The end of the year isn’t complete without bubbles any more than Thanksgiving or Valentine’s Day would be complete without turkey or candy. It is customary and expected. If so, why?
Do you think it’s the allure of opulence that comes with a bottle of Champagne? What’s better than hearing a bottle of Champagne pop open with anticipation and delight? The sudden flurry of glitter and foam, implying joy?
One of the most celebratory and instantly recognizable noises in the world is that of a Champagne cork being popped. Yet, you shouldn’t feel that you can only drink it on rare occasions. Champagne is considered a luxury beverage in many countries, although the French consume it with companions and even on their own.
Despite the bubbling and rejoicing, we’re willing to wager there are still certain things of which you are unaware.
Only France makes Champagne
The fact that Champagne was first produced in France is common knowledge. Yet champagne faced competition from other sparkling wines for a while, many of which used Champagne’s reputation and brand to boost sales of their own products.
Champagne is only produced in the Champagne area of northeastern France, around 100 kilometers (62 miles) east of Paris. Yet the wine-making area extends over its whole and even into adjacent territories. Importantly, the location is referred to as “la Champagne” (female), while the drink itself is “le Champagne” (masculine).
Most of the time, it is blended
In most countries other than France, the grape variety is listed first or even first and foremost on wine labels. For the most part, this is how New World wines are made. Though many French wines have followed suit, the area has always been prioritized as a more telling indication of a wine’s personality.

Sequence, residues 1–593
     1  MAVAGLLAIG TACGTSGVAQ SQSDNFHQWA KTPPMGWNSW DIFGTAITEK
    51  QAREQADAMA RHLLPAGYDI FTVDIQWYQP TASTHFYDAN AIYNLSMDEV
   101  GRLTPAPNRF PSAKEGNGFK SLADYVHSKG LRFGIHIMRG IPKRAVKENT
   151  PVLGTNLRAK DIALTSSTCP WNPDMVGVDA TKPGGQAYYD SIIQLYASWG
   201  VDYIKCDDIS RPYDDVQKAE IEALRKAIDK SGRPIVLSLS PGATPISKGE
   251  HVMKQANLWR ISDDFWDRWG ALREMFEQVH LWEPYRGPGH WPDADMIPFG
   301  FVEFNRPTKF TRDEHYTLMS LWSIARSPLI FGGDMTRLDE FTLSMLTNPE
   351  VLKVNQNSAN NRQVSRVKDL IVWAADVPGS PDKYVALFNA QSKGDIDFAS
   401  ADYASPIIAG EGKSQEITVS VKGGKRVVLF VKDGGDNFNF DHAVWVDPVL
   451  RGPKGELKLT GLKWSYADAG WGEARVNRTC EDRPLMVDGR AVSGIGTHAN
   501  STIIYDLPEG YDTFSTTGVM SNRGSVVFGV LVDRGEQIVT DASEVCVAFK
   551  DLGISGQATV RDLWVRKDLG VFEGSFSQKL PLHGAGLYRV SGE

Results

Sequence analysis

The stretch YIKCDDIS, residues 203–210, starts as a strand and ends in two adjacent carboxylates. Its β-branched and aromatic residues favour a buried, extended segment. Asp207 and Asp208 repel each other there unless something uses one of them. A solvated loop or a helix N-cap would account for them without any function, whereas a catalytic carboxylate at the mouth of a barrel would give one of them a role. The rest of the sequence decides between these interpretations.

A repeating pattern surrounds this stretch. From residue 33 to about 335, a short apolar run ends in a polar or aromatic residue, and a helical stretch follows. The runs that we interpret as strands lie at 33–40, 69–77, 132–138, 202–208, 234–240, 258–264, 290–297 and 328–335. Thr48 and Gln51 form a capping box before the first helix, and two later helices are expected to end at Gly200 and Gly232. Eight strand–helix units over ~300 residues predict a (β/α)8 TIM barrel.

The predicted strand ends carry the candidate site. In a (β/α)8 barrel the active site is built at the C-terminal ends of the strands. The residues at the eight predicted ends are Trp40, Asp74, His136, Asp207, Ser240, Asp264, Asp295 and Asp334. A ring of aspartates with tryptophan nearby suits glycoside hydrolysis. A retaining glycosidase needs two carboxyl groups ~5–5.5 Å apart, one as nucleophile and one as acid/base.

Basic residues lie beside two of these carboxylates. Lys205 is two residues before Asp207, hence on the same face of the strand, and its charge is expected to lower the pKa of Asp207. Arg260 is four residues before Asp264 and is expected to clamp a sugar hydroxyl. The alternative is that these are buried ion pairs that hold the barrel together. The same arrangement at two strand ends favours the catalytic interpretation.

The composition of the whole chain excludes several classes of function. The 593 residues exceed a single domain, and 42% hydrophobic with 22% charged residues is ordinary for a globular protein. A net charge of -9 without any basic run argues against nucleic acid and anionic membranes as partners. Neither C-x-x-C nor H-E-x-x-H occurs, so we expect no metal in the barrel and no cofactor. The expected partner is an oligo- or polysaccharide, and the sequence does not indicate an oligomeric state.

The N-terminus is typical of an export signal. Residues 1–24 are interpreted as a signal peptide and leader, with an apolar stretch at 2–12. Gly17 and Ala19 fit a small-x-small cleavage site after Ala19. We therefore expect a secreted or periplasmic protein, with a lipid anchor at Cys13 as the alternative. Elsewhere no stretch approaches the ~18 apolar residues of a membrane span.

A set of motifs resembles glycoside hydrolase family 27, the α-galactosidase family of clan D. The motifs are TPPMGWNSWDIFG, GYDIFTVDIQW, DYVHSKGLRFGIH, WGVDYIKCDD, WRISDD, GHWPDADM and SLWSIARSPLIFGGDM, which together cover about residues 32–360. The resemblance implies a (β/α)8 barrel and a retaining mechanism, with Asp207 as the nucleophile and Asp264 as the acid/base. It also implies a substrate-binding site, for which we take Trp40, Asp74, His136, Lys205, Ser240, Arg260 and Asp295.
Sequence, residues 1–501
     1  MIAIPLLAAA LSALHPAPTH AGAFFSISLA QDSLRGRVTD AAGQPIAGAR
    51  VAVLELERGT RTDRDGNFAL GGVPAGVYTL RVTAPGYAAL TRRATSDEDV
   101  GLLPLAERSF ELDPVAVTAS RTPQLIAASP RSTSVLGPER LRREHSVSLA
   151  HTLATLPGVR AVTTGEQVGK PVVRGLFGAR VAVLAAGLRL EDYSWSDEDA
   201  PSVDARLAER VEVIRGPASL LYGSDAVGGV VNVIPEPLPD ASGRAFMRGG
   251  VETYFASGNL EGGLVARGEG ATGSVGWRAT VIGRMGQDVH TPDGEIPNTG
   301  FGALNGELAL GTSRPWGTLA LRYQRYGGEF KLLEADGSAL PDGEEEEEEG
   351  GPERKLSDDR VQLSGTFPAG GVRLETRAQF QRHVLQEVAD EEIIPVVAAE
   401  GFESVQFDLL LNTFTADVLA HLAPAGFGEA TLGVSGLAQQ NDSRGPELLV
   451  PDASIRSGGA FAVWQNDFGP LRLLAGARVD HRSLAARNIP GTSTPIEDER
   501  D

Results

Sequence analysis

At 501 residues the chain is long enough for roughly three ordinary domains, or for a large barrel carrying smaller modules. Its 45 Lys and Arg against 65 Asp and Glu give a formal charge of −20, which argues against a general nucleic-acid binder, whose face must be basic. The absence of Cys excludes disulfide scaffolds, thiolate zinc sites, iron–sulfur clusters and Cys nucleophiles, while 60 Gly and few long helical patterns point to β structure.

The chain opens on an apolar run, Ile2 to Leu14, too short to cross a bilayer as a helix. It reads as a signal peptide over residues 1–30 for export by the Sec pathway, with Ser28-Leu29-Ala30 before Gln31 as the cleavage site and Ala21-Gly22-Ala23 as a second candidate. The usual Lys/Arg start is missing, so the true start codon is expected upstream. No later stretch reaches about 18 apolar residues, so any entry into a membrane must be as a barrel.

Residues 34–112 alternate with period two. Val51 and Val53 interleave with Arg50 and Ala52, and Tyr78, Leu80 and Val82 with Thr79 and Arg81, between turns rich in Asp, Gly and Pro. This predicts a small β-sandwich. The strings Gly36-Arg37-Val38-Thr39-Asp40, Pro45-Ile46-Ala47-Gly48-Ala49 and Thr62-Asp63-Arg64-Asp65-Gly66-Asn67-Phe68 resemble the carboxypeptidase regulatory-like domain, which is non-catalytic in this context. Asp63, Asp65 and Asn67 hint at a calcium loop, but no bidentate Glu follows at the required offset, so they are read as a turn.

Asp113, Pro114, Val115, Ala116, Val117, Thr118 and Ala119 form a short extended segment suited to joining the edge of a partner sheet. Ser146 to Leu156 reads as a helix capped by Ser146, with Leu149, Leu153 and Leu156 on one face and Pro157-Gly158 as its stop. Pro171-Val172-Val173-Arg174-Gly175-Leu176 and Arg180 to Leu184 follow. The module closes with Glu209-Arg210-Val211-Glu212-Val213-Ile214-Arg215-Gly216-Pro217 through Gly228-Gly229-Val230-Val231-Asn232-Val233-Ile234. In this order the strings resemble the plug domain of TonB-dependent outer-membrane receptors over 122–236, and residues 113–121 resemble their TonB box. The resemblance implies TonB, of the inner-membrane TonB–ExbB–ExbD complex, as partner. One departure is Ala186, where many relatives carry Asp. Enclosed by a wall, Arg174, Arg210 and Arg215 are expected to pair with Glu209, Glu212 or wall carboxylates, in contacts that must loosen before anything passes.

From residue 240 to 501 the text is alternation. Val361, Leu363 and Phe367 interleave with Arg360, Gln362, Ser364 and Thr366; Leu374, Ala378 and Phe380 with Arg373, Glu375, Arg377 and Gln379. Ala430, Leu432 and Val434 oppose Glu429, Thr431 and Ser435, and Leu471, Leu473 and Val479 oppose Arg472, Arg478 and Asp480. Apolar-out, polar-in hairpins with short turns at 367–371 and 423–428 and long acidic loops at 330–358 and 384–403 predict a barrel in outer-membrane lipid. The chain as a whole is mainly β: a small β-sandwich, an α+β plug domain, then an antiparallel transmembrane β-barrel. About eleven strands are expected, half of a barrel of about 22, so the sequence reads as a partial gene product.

The grape may be assumed to be present when it is not specifically named. In Bordeaux, for instance, winemakers often combine varietals such as Cabernet Sauvignon, Merlot, and Cabernet Franc.
Just as the grapes in the preceding section were blended to create distinct flavors, so too are the grapes in numerous champagnes. To counter this, however, they combine vintages in a way that no other winemaker does.
Champagne is often a combination of 30-50 harvests from several locations, varietals, and years. This is done so that the Champagne from that house always tastes the same every time it is opened.
Simply by chance, we stumbled onto it
Neither the Benedictine monk Dom Pérignon nor the English scientist Christopher Merret developed sparkling wine, despite two widely held but diametrically opposed myths. Nonetheless, they were both instrumental in shaping Champagne into what it is today.
Truly, the phenomenon of sparkling wine was stumbled upon in the Middle Ages at Saint Hilaire Abbey. Some of the other monks at the Benedictine abbey in Carcassone rapidly caught on to the fact that oak-aged wine occasionally formed bubbles when bottled.
The next time you sit down with your friends and party over a bottle of Champagne, you will be more knowledgeable on the same.